SAMHSA's 2016 report indicates 9.8 million Americans had thoughts about committing suicide

SAMHSA’s 2016 report indicates 9.8 million Americans had thoughts about committing suicide

The latest report by the Substance Abuse and Mental Health Services Administration (SAMHSA) makes a startling revelation regarding the suicide trends in the U.S. The 2016 report indicates that 9.8 million adults aged 18 or older, had seriously considered taking their lives in the past year, which constitutes 4 percent of the total adult population. Despite the policy makers and researchers ramping up efforts to make lives of Americans better, the number of suicides has remained more or less constant in the past eight years rather than reducing.

The study also tried to assess if adults who ideated about suicide in the past 12 months had actually tried to put their plan into practice. Here are the findings:

  • 8 million (1.1 percent of adults) had made suicide plans.
  • 3 million adults attempted suicide including 1 million who planned for it and 0.3 million adults who did not.

In other words, “about one-fourth of adults who had serious thoughts of suicide made suicide plans, and about 1 in 7 adults who had serious thoughts of suicide made a suicide attempt.”

Suicide is one of the leading causes of death in America. Many upset with the upheavals in life could have temporary thoughts of killing themselves but forget about this sooner or later. However, sometimes these suicide ideation thoughts get translated into practice.

Age-wise data

The report categorized serious thoughts of suicide, plans and attempts in different age groups. The details are as follows:

  • An estimated 3 million youngsters aged 18 to 25 had serious thoughts of committing suicide in the past year. This represents 8 percent of young adults. It also reported that nearly 981,000 youngsters in the same age group had made suicide plans.
  • Nearly 4.2 million adults aged 26 to 49 seriously thought about committing suicide in the past year, representing 4.2 percent of adults in this age group. An estimated 1.3 million adults in the same age group planned their suicide.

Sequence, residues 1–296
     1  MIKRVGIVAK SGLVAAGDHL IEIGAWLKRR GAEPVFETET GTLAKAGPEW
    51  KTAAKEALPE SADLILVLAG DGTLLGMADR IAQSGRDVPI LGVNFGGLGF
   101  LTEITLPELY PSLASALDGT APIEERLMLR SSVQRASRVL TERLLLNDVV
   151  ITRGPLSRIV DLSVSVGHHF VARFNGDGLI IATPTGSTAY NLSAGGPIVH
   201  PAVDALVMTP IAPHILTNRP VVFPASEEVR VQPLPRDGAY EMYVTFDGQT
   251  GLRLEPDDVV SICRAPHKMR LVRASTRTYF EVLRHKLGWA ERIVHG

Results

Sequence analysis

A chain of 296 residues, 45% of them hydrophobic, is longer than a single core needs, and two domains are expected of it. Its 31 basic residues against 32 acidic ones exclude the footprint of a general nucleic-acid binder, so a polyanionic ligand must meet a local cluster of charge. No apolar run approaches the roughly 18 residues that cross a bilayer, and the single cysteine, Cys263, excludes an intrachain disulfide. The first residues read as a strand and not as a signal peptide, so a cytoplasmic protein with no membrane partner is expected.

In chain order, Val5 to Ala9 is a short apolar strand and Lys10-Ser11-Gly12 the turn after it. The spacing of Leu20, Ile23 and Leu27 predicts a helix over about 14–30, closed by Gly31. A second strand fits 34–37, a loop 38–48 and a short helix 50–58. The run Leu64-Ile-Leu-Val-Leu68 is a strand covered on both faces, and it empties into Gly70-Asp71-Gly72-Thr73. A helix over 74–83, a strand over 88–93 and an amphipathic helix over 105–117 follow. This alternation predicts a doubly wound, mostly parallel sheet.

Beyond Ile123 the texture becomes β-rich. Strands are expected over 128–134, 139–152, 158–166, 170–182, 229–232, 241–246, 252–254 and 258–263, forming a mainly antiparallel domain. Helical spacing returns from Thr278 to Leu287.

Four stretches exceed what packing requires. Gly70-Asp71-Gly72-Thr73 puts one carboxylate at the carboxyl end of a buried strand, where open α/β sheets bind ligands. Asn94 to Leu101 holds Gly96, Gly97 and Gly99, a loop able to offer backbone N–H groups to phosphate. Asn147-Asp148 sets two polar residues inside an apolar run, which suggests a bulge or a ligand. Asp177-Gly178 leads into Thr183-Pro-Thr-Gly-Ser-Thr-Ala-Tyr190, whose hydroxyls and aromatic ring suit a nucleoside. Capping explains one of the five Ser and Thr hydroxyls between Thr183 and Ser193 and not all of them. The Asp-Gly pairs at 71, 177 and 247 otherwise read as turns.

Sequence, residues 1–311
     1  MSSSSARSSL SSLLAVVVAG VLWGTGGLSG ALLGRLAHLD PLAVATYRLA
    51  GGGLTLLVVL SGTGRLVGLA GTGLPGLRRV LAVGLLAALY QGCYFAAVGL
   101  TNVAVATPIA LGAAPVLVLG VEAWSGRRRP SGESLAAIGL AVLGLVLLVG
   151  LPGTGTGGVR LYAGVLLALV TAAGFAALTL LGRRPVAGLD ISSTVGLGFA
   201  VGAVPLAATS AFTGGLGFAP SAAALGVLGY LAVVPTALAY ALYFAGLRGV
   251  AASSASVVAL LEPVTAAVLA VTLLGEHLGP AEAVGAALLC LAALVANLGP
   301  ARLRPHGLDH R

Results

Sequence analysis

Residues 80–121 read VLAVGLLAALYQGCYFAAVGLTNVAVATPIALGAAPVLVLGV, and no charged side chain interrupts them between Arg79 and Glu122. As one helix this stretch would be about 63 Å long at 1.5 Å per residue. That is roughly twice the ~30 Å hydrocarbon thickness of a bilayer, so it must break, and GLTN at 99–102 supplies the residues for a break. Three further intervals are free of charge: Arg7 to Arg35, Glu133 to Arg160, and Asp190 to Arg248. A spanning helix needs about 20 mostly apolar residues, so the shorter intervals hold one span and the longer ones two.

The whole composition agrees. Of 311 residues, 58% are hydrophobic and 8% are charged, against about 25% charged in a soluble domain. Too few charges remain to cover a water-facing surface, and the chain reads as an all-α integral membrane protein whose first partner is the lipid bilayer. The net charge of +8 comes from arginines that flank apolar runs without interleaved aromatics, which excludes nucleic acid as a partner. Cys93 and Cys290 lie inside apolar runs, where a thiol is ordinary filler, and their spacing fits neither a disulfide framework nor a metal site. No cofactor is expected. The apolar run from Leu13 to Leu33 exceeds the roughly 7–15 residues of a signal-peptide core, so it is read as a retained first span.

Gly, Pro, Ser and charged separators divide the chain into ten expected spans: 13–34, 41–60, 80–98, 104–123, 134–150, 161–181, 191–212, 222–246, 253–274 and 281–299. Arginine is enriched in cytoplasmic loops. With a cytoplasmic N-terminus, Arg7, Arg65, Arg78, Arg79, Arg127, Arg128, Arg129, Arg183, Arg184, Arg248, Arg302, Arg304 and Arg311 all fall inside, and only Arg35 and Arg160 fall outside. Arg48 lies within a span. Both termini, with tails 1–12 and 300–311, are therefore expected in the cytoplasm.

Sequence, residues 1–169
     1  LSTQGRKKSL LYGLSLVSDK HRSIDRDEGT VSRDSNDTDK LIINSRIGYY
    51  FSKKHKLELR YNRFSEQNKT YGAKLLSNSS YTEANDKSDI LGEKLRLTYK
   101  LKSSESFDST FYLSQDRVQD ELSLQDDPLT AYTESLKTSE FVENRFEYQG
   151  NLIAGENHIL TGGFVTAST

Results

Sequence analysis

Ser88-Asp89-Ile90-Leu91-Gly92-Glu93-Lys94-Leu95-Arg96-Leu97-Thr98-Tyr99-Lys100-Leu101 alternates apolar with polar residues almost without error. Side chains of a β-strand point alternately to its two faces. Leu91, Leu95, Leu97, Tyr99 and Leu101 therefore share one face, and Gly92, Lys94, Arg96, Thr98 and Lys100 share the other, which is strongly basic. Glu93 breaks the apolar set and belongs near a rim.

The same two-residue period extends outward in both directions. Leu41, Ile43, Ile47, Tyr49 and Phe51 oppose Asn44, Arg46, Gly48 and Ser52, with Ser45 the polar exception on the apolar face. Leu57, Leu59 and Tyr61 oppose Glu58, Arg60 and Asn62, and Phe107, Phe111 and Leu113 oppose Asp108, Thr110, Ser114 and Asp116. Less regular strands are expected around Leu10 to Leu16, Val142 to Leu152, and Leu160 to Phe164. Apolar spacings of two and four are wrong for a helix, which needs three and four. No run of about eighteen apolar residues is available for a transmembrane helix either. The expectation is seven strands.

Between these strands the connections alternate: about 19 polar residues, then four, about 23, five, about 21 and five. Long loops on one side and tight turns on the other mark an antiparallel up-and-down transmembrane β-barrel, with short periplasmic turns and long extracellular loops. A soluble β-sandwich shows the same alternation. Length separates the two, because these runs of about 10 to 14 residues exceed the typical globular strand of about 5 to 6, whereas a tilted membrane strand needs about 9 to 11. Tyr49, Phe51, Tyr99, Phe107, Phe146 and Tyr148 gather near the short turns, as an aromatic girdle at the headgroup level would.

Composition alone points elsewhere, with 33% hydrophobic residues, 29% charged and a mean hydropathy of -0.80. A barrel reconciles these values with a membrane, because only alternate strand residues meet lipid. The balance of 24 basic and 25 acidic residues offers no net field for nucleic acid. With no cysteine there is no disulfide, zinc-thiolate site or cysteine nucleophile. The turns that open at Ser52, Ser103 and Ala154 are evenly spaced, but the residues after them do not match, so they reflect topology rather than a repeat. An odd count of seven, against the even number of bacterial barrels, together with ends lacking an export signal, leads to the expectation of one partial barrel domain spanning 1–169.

• 6 million adults aged 50 or older were reported to have serious thoughts of suicide in the past year and nearly 504,000 adults in the same age group had made plans to kill themselves.

Recognizing red flags

Suicide is a tragic loss of human life. It also severely affects the community and families left behind to grieve. A single suicide can spiral a family into untold miseries. Sometimes, there is a domino effect at play, with another family member falling prey to the same urge. The risks of other family members getting afflicted with mental health conditions such as depression, PTSD and anxiety are also exacerbated.

Most people are ready to talk about what is going wrong in their lives and why they ideate about putting it to an end. In most tragic incidents, the red flags are evident long before the actual act happens. It is, therefore, essential to recognize them in time and prevent the untimely loss of a productive life. Some signs that if recognized in time could help save a life are:

  • Posting status updates about killing oneself on social media accounts
  • Social withdrawal and loss of interest in activities and hobbies
  • Sleeping too much or too little
  • Substance abuse and risk-taking behavior
  • Google searches using keywords like ‘stress,’ ‘depression,’ ‘ suicide’ and safe means for killing oneself
  • Poor self-image and extreme mood swings
  • Physical symptoms such as loss of weight, loss of appetite and fatigue

Reaching out for help

Everyone experiences stress in day-to-day life but suicide is not the answer to life’s miseries. Staying healthy, happy and wise can give immense boost to one’s confidence and create positivity in fighting problems and emerging victorious. If negative thoughts last longer than usual, one should immediately seek a mental health expert’s help.

Sovereign Health is a leading provider of mental health treatment services for both adults and adolescents. If you suspect that your loved one manifests any of the symptoms underlined above, it is best to consult an expert for suicidal ideation disorder treatment in Los Angeles. Call our 24/7 helpline 866-973-7164 or chat with a trained specialist to know about our state-of-the-art suicidal ideation disorder treatment centers in Los Angeles offering holistic recovery programs.

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